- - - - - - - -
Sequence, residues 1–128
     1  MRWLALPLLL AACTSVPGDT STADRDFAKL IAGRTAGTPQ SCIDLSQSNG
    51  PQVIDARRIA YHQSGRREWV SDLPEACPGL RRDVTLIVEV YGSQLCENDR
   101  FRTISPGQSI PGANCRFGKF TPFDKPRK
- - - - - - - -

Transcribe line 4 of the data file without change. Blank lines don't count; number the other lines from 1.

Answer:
   101  FRTISPGQSI PGANCRFGKF TPFDKPRK